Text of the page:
For most of us recycling has become a common part of daily life. No one really thinks much about separating trash into paper, cardboard, plastic, aluminum cans, and other metals.  And we have confidence, that by recycling, less will end up in landfills. Well, how about some it ending up as art? This is the first Upcycling art show at the Edge Gallery and some beautiful pieces are on display. The above is one of four sculptures made from used steel, by Ken Steel from Balsam, Minnesota.




Here are a couple of the several familiar faces at the show. They are some of the giant puppets making an encore appearance.  From the “Wilderness Almanac” performance at the Edge and in the Bigfork Wilderness Days parade, the puppets were made of old bits of paper, cardboard and other materials.  The artists were Bigfork students who created them during a 2012 residency directed by Theresa Linnihan and Patty Feld.  Here is a chance to meet some of them up close and personal.  Maybe they will be annual visitors for the event.




Did you ever wonder what to do with those old books that are just gathering dust on your stuffed shelves? Julia Feld Strand created an answer by turning some old books into shadow box relief sculptures. By doing so, they become great table displays, wall art or usable anywhere else you need to add a touch of beauty. Wonder if there are any first editions in the collection?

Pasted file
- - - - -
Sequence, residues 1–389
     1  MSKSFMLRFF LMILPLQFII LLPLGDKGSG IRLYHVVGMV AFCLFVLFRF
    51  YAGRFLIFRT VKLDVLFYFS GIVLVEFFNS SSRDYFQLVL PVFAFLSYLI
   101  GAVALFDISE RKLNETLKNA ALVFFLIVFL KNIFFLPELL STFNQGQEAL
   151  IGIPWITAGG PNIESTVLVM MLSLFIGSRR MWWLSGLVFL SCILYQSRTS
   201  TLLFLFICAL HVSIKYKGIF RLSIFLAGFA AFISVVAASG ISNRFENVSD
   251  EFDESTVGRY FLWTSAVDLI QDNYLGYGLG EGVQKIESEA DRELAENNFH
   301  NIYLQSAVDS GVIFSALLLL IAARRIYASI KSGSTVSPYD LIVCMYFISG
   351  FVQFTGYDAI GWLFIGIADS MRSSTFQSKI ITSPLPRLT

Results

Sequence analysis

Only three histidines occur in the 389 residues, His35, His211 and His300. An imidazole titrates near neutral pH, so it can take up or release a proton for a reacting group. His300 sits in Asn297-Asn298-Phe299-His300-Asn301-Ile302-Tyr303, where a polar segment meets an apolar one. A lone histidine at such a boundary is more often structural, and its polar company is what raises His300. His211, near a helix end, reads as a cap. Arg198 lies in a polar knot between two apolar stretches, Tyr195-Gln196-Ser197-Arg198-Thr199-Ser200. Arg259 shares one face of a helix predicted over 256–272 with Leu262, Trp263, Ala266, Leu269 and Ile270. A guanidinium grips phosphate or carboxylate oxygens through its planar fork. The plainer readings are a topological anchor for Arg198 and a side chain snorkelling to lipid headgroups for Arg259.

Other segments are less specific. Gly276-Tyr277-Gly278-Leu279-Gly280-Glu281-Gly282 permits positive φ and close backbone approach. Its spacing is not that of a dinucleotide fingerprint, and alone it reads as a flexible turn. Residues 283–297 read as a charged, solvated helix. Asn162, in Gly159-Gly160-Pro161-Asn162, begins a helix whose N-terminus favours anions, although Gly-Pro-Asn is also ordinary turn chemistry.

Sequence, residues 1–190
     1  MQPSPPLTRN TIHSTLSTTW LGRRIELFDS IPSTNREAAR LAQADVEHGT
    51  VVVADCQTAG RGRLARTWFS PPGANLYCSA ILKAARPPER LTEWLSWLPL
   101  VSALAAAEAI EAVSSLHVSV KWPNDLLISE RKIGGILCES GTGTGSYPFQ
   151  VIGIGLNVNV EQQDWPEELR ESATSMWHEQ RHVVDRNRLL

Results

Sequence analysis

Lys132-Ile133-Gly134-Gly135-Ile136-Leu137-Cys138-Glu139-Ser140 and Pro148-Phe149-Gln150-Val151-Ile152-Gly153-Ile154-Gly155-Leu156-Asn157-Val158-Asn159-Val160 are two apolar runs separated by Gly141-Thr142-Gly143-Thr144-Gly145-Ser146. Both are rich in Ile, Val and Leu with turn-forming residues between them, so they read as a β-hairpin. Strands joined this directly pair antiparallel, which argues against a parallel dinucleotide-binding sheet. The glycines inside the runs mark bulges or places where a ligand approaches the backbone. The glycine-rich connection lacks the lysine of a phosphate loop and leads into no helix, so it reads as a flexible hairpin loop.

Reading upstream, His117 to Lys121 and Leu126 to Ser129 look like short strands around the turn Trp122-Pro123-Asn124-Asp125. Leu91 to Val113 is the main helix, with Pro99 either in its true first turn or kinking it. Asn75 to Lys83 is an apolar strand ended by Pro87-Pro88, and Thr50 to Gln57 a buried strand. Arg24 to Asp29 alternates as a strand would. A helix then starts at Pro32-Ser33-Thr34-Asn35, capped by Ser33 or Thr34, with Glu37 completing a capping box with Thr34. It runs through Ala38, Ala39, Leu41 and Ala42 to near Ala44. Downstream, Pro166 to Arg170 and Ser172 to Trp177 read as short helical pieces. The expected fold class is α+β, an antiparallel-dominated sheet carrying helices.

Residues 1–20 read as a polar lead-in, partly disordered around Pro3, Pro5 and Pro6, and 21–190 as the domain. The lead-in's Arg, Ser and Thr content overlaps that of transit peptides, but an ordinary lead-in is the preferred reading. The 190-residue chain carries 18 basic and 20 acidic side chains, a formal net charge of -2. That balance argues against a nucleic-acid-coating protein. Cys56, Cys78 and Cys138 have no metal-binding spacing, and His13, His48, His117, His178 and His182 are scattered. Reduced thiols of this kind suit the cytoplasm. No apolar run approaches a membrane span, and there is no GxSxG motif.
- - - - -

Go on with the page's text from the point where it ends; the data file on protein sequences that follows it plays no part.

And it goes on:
A few years ago talented local Quilter, Char Bailey made a special quilt honoring the quilts made in the 1930’s depression era, when sewing supplies were very limited and expensive.  This art uses vintage flour sacks that were a typical material for quilts in that period.



For all the sportsmen visiting the gallery there is an Eco Walleye on display.  I am sure many of us have seen discarded cans on the bottom of lakes and were dismayed at the litter, but if you saw a walleye made from old tin cans, that would be a treat.  Kathleen Munson and DeWayne Ehler collaborated on this beautiful fish sculpture created from old tin cans.



These photos show just some of what will treat you at this show. And if you are curious about the concept, and want go back a bit to try and figure out how this genre developed, you might be surprised at how many names and “origins” this art claims as part of its history. Names like Found Objects...objet trouv√©, Dada, Ready Mades, Junk Art, Trash Art all are in its lineage. The above photo is one of the most famous recycled larger sized art made.  It is Carhenge near Alliance, Nebraska on the High Plains made by Jim Reinders and is a replica of England's Stonehenge done in grey painted cars. So far, nothing like this is at The Edge Gallery, or outside on the lawn, or in the parking lot, but who knows what might show up.



The gallery committee volunteers added a personal touch to this show.  Each of them created a letter in the show title using recycled materials.  They include braided rug, broken wine bottle and cork, packing material, licence plate, pine cones, moss, DVDs, and folded paper. Photo shown above.  Thank you so very much to the gallery committee for this creative colorful new show. So, come and visit anytime during the month of September to see what is on display for this first of its kind exhibit. Better yet, come to the opening reception this Friday September 6th and meet the artists who can be considered our founding Upcycle artists for letting the gallery share their special works with the communities.